Thursday, August 18, 2005

Bret Easton Ellis on His New Book Lunar Park

I am a pretty big Bret Easton Ellis fan. He is the "cool jaded Gen-X Enfant Terrible" I always wished I could be, but I'm not and really can't be. He recently did an interview on Amazon.com regarding his new book Lunar Park where he discussed his horror influences:

It is in some ways an homage to Stephen King and the comics I loved as a kid. Especially the EC Comics, like Vault of Horror and Tales from the Crypt. And the Warren Comics of the '70s that I was a huge fan of. They had titles like Creepy and Eerie and Vampirella. These were all influences on Lunar Park. That was the impetus to write the book. To write a book that was similar to the books that gave me pleasure as a boy and as an adolescent. I was really into the horror genre and the supernatural genre when I was a teenager and certainly I came of age, along with a lot of men of my generation, with the first book that Stephen King published and onward. But as I got older the book became less an homage and more personal.


Comic Book Marketplace had a great article on the old Warren books recently and I was glad to see a mention of their books in the Ellis interview. Naturally, given my love of Forrest Ackerman (which you can read about in this old post on the San Diego Comic Con), I was glad to see the Warren Vampirella reference. Ackerman invented the name Vampirella, though he was (as he fully admits) inspired by the name Barbarella.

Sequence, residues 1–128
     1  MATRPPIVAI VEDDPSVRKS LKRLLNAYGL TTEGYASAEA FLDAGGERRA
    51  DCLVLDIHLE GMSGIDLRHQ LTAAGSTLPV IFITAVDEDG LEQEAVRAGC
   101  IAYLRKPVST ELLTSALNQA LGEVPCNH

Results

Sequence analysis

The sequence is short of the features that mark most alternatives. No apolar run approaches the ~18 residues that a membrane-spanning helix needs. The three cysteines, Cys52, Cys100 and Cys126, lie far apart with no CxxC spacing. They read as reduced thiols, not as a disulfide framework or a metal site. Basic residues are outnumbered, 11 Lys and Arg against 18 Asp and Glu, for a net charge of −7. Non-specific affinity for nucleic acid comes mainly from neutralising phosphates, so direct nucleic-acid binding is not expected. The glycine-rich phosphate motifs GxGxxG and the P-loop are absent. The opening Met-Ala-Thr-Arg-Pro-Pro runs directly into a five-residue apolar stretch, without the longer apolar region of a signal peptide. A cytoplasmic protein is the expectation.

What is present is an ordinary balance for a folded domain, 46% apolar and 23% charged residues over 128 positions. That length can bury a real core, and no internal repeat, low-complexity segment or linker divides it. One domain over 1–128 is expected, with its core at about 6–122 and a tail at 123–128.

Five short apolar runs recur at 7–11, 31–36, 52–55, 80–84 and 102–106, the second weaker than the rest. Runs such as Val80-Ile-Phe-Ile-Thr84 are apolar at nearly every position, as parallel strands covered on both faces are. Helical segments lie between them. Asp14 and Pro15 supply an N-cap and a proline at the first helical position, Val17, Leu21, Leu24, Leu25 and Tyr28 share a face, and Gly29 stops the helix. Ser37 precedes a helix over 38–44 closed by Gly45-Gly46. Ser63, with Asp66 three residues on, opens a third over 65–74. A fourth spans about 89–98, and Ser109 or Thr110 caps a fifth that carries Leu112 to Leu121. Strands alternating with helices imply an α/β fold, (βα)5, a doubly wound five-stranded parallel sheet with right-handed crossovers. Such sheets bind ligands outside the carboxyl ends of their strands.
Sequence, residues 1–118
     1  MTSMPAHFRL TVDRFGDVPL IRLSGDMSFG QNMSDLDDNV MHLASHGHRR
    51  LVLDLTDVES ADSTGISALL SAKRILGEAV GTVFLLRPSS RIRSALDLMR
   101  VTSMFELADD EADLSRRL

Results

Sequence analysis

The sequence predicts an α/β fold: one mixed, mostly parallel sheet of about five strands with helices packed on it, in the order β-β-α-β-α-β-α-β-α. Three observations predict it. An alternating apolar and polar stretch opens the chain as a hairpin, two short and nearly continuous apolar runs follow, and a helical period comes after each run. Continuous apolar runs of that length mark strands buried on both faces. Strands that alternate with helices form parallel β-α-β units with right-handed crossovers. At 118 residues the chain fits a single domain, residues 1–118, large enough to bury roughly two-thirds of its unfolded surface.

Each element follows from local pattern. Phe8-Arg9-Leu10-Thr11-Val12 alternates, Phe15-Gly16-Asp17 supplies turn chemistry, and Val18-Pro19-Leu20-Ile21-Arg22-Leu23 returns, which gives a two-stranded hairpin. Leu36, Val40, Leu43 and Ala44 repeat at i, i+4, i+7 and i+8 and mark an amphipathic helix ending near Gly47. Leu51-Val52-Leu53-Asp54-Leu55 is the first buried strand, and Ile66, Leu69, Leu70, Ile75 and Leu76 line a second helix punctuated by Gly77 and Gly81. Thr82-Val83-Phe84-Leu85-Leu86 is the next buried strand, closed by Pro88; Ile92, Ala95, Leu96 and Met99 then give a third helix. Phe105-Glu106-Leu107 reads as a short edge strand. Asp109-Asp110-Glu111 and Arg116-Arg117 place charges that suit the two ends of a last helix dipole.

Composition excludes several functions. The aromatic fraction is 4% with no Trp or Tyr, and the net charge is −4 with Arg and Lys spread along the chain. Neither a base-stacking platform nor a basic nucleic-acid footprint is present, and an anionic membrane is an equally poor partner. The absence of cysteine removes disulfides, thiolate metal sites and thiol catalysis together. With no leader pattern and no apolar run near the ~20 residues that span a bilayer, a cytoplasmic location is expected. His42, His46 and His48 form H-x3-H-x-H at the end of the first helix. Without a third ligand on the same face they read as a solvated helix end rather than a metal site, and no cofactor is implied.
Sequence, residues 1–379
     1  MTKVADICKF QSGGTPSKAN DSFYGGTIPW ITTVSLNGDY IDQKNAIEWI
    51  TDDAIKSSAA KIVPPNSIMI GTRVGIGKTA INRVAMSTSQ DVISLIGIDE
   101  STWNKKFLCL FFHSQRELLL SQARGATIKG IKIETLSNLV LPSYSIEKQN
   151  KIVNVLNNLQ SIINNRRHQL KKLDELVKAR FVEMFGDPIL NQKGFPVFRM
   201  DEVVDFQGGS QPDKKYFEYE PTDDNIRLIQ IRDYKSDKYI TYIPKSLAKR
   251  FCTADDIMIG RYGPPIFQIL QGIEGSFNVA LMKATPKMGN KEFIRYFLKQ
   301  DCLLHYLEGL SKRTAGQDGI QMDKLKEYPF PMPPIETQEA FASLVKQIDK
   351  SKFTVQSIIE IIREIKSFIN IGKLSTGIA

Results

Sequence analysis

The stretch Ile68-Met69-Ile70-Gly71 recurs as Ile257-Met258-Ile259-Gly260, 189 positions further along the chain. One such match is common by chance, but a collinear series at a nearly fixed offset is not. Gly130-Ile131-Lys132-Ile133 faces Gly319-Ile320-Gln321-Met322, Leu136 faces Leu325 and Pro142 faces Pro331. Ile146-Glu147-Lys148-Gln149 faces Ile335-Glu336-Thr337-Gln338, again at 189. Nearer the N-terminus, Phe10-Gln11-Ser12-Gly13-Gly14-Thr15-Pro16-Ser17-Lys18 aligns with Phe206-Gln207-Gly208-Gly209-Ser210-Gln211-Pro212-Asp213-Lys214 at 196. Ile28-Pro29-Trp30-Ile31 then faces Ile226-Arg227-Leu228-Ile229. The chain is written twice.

I do think Lunar Park is for those, who like Ellis and me, read these books as adolescents, and not for us as those adolecents.

Speaking of the interview...Fritz and I have talked about the ending of American Psycho a number of times and we disagree as to whether the events, in the end, are real or imagined.

The word from Ellis:

Right, right, the "was it all a dream thing." [laughs] Our old friends Mr. Loose and Mr. Reality. I don't know. When I was writing the book I kind of thought I knew but I really didn't. I liked leaving it open. Because it is left open purposely in the book. And depending on who you are as a writer and what you desire from the book, you're going to go either way. And the movie doesn't answer that question. It's fine. Why answer it? Is the book more meaningful? Does it make it more interesting? It's probably a much more interesting book when you're left hanging and you decide on your own.
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